You Don’t Have To BE CONSIDERED A Chef To Read An Olive Oil Label

Olive oil has been with us for almost provided that the olive, which is at the very least 6,000 years. It is mentioned numerous times in the Christian Bible, singled out as holy by Mohammed the Prophet of Islam, and celebrated by the Jewish holiday of Hanukkah. Considered the best of all oils, it’s the traditional oil for anointing kings, bishops, and temples in western culture.

Olive oil is simple to digest and helps our anatomies assimilate minerals and vitamins. It aids the digestive system by stimulating the gall bladder. Essential olive oil is cholesterol free and is made up of 70% monounsaturated essential fatty acids, which reduce bad cholesterol (LDL). It contains chlorophyll which aids the metabolism, stimulating cellular growth and speeding the healing up process. And it contains no trans fats.

The olive tree flourishes in Mediterranean-type climates with hot, dry summers and cool winters. Spain, with over 300 million olive trees, is the number one producer of essential olive oil with 44% of the planet market. Much of Spanish olive oil production is shipped to Italy, both for consumption and to be repackaged for sale abroad as Italian olive oil. The region of Andaluc�a makes up about 75% of Spanish essential olive oil production.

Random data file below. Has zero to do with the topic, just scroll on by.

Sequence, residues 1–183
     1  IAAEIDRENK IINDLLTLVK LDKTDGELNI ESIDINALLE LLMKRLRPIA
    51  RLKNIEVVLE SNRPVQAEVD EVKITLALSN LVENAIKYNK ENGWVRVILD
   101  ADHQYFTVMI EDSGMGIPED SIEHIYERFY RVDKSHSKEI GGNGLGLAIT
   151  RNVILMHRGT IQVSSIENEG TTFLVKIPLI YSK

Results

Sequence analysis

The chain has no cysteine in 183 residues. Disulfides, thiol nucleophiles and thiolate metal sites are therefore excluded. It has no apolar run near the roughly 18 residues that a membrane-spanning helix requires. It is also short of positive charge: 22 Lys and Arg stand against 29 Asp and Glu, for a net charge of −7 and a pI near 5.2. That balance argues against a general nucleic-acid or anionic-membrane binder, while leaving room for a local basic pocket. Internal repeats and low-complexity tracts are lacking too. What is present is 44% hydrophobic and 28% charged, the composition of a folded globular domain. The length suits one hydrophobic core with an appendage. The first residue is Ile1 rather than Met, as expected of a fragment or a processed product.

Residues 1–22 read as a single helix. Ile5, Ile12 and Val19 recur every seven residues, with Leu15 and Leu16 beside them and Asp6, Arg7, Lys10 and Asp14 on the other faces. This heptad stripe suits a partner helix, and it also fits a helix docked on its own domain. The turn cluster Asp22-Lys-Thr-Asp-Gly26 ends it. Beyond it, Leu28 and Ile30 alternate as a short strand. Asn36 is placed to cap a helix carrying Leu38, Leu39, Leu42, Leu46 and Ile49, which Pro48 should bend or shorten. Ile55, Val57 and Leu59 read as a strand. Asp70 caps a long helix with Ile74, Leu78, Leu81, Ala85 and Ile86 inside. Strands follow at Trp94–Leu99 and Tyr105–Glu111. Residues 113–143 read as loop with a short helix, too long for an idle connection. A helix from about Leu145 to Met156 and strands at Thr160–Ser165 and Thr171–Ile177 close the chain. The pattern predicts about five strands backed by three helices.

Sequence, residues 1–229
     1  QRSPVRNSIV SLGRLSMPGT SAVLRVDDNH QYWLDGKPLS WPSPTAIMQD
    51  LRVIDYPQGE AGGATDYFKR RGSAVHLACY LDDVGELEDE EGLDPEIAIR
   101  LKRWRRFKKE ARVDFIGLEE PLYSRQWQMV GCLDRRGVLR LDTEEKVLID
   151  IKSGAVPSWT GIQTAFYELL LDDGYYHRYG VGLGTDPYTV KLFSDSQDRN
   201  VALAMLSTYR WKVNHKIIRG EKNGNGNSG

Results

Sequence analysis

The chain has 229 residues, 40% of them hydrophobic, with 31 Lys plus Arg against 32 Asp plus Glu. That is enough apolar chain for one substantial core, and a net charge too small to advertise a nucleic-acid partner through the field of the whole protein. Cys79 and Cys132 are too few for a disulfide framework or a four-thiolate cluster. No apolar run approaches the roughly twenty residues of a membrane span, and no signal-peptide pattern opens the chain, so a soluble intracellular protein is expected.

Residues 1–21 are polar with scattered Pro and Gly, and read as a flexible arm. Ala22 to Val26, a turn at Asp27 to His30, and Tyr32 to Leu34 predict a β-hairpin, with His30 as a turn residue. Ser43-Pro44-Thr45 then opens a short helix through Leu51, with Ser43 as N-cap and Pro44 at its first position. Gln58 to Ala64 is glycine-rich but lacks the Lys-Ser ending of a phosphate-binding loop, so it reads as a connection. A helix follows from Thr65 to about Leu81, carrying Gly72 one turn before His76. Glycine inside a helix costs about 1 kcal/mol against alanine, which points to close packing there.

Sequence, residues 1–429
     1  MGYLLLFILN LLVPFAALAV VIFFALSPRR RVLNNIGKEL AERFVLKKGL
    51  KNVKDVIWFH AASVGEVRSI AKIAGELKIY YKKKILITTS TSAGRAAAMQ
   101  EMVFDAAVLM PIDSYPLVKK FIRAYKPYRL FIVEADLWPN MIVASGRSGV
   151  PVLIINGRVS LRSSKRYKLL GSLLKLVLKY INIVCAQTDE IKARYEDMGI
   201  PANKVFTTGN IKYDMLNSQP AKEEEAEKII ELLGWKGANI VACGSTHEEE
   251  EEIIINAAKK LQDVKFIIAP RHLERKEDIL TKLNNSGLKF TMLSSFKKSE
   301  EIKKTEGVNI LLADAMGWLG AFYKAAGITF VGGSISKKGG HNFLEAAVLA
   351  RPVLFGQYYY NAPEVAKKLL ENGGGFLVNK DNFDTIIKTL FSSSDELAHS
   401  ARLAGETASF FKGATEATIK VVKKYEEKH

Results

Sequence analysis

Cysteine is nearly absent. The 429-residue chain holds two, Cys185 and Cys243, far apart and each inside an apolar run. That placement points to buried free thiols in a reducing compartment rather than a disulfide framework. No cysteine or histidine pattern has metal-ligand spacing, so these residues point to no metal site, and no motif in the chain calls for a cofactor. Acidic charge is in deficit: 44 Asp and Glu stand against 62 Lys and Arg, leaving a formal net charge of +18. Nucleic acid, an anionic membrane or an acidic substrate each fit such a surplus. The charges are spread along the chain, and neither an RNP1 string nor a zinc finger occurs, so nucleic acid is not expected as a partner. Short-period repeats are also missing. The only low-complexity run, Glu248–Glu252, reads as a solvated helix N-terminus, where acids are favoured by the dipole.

Selecting the right olive oil can be a daunting task – the terminology applied to labels is sometimes confusing and frequently misleading, and the differences between oils are often not made clear. Here’s everything you need to know to choose the right olive oil for your table or kitchen:

Grades – Olive oils that come from countries which are members of the International Olive Oil Council (which Spain is, needless to say, one) adhere to strict regulations regarding labeling and packaging. The grades defined by the IOOC are the following:

Extra Virgin Olive Oil comes from the initial pressing of the olives, comes with an acidity of no more than 0.8%, and contains been judged to possess superior taste. Extra virgin essential olive oil can contain no refined oil.
Virgin Olive Oil comes with an acidity of significantly less than 2% and has been judged to have good taste. Virgin essential olive oil can contain no refined oil.
Pure Olive Oil is really a blend of virgin olive oil and refined olive oil, and has an acidity of only 1%.
Ordinary Olive Oil can be a mixture of virgin and refined olive oils, and has an acidity of only 3.3%.
Olive-Pomace Oil is very rarely found in markets, but is sometimes found in restaurant cooking. Created from the residue of the production of higher grade olive oils, olive-pomace oil is fit for consumption however, not very tasty.